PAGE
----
Oxford Viromics is an initiative among Oxford researchers to promote accessibility of virus genomics data and methods for its analysis. The initiative has existed formally for a couple of years, and now seems a good time to bring people together in a Symposium to showcase progress and think about where we could go from here.
The idea of the Symposium is to bring together all the people doing virus genomics in Oxford. The aims are to examine how virus genome data can begin to address problems posed by viruses, and how we generate the data and analyse it. The overarching theme is really one of optimism that we are beginning to assemble the required tools and do the important studies.
The event is primarily intended for Oxford researchers and clinicians, but others are welcome.
Oxford Viromics Symposium – 11 January 2019
Oxford Martin School
Agenda – Register by 7th January 2019 on: www.eventbrite.co.uk/e/oxford-viromics-symposium-tickets-53134539839
0930 Tea and Coffee on Arrival
1000 Welcome and Introduction
Session 1 – Clinical Translation
1020 Cyndi Goh and Tanya Golubchik Diagnostic Metagenomics in CHIMES and GAINS
1100 Tamyo Mbisa Challenges of introducing viral WGS in the clinical pathway
1120 Craig Thompson Deja flu: the antigenic evolution of influenza
1140 David Smith Using whole-genome sequencing of the hepatitis C virus to identify anti-viral resistance
Session II – Epidemiology and Public Health
Chair: Ellie Barnes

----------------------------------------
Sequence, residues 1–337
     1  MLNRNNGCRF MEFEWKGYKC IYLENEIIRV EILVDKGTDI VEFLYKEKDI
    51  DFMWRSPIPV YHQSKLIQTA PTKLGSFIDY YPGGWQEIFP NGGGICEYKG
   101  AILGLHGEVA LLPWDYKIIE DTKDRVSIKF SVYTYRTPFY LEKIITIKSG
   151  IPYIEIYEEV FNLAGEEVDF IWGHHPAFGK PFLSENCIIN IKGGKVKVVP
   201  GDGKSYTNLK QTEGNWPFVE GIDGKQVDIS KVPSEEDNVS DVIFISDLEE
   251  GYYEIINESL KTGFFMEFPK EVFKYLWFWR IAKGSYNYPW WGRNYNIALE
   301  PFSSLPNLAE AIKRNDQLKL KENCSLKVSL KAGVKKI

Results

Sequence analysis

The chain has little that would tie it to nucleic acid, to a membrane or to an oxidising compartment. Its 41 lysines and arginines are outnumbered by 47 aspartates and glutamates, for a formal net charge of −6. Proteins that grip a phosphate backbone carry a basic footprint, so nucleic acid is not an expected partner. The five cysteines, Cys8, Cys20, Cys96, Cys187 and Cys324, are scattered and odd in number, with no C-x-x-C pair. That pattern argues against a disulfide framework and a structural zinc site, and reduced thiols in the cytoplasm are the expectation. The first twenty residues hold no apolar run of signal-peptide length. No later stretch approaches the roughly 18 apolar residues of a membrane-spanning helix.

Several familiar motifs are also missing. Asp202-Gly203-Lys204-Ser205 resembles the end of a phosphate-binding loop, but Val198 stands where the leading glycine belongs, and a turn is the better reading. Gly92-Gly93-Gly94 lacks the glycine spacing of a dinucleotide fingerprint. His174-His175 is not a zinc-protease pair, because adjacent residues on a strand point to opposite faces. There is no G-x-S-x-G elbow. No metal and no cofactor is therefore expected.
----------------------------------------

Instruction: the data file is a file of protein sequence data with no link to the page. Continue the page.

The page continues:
1240 David Bonsall A comprehensive genomic solution for HIV surveillance and individualised patient care
1300 Christophe Fraser What will it take to control HIV? Insights from viral genomics
1340 Sarah Hill Real-time, portable sequencing and genomic epidemiology of arboviruses
1400 Gu-Lung Lin Targeted metagenomics in RESCEU study: Whole genome reconstruction of respiratory syncytial virus (RSV) and co-detection of other pathogens in clinical samples
1420 Philippa Matthews HBV – TBC
1440 Afternoon Tea
Session III – Virus in host studies
1500 Katrina Lythgoe Within-host evolution and transmission of chronic viruses
1520 Mathew Jones Good things come to those who bait: Parallel HIV proviral DNA sequence and integration site analysis
1540 Nick Grayson In utero mother-to-child transmission of HIV in KwaZulu-Natal
Session IV – Methods
1600 Peter Simmonds Virus taxonomy in the age of metagenomics
1615 Mariateresa de Cesare Technology outlook
1630 Discussion Should methods inform questions, or questions Inform methods?